RFE/RL and international agencies were unable to independently verify Kuleba's accusation of rape.
"When bombs fall on your cities, when soldiers rape women in the occupied cities -- and we have numerous cases of, unfortunately, when Russian soldiers rape women in Ukrainian cities -- it's difficult, of course, to speak about the efficiency of international law," Kuleba, speaking in English, told an event at Chatham House in London.
NATO Secretary-General Jens Stoltenberg said after a meeting of foreign ministers in Brussels that the alliance has seen the use of cluster bombs in Ukraine.
In Kherson, where Russian troops had reached the city center and were said to be seeking to establish local control on March 3, the regional administration said Russian actions had shut down several telephone networks.
The port city of Mariupol remained "under siege" with Ukrainian forces battling to avoid allowing Russian forces to surround the city, Ukrainian presidential adviser Oleksiy Arestovich said.
The cities of Kharkiv and Okhtyrka were under fire but defenses were holding, he said.
Arestovich credited defense of those cities with "gaining time" and diverting Russian forces from other goals, including Kyiv.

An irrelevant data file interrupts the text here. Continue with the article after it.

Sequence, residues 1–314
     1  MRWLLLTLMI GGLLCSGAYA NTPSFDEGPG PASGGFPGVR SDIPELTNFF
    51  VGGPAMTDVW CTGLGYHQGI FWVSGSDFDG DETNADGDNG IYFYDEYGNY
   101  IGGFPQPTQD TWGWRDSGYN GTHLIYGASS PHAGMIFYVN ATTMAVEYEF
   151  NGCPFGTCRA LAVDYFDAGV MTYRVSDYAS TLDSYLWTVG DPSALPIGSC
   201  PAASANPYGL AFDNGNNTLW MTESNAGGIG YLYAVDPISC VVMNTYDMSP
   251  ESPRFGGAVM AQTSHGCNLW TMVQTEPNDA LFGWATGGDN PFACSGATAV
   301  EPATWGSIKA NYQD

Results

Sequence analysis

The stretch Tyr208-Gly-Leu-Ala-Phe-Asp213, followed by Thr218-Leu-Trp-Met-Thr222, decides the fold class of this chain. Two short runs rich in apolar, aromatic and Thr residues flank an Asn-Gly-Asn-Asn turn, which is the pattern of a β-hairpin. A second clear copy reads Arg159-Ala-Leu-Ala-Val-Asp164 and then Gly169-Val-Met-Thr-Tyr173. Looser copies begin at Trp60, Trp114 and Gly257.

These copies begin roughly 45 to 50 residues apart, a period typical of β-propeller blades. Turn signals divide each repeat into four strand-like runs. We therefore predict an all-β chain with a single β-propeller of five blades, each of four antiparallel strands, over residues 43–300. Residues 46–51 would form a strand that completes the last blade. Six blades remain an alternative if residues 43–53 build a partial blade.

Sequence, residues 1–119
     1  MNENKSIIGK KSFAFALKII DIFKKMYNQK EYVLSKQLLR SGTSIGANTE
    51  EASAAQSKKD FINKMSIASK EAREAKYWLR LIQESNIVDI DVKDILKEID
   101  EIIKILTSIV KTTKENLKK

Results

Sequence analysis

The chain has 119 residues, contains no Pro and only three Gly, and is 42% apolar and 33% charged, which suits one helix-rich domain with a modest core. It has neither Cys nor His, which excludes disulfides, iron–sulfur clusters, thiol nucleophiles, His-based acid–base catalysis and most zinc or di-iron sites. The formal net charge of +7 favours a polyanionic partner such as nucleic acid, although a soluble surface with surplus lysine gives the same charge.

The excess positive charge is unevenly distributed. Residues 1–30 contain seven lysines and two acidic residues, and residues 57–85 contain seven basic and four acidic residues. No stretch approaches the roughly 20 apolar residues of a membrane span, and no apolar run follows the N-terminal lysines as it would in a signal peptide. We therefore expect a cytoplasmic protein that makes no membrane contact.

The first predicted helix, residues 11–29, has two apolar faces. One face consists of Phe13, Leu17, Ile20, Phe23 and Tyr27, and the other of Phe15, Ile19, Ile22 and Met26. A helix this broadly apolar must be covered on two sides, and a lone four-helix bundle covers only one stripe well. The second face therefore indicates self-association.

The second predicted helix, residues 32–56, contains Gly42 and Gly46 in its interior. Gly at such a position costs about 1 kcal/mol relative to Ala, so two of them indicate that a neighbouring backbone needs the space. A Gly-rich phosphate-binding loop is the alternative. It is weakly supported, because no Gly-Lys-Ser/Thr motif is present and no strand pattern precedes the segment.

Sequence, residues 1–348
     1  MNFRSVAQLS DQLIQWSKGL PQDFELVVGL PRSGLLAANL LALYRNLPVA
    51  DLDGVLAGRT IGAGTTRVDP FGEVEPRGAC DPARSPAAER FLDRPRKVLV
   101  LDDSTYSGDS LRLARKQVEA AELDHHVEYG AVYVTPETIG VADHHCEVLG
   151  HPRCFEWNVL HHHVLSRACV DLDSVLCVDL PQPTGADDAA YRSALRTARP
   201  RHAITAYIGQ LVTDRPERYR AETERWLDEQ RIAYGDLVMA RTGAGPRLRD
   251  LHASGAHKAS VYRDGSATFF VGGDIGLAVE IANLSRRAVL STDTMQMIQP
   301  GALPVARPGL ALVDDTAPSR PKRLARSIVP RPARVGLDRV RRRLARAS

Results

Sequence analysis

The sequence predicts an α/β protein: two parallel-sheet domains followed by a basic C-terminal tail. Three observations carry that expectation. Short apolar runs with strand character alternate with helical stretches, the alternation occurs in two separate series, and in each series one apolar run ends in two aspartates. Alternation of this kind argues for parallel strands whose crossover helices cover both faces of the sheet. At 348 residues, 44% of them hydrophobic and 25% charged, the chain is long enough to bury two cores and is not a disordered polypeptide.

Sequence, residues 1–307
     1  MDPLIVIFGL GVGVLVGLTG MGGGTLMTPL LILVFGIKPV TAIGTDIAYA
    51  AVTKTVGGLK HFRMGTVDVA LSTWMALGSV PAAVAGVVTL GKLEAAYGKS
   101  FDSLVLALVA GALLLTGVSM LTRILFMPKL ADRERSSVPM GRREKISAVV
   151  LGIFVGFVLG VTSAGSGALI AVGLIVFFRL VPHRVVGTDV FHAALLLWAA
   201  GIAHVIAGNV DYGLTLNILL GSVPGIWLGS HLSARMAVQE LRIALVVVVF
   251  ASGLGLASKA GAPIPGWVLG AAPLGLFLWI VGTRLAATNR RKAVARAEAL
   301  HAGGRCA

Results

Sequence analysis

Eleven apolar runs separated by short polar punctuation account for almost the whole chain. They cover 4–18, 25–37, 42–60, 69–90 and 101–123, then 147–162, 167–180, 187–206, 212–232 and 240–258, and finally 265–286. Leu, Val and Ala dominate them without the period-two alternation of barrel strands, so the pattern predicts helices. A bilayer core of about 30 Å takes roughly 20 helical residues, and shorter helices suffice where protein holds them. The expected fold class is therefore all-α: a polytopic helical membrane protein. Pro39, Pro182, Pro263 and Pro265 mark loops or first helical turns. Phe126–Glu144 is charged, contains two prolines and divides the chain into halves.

The head of the region, Dmytro Zhyvytskiy, warned that water and electricity had been lost since an air strike destroyed Okhtyrka's power plant. He also said Russian troops were capturing ground in Enerhodar near the Zaporizhzhya nuclear plant in southeastern Ukraine.
The regional branch of Ukraine's state administration on March 4 raised the death toll to at least 47 following a Russian air strike in the city of Chernihiv, a city of around 300,000 near the northeastern border with Russia.
Images circulated of heavily damaged residential buildings and a burning oil depot in Chernihiv.
Protests against Russian occupation meanwhile continued early on March 4 in the Zaporizhzhya region, a RFE/RL Ukrainian Service correspondent said, including in Primorsk and Melitopol, where a local organizer said thousands turned up at a central square.
Regional authorities said the Russian military had surrounded a local TV tower in Melitopol and began broadcasting Russian programs.
Meanwhile, Russian President Vladimir Putin gave a speech in which he claimed to have no "bad intentions" toward Russia's neighbors.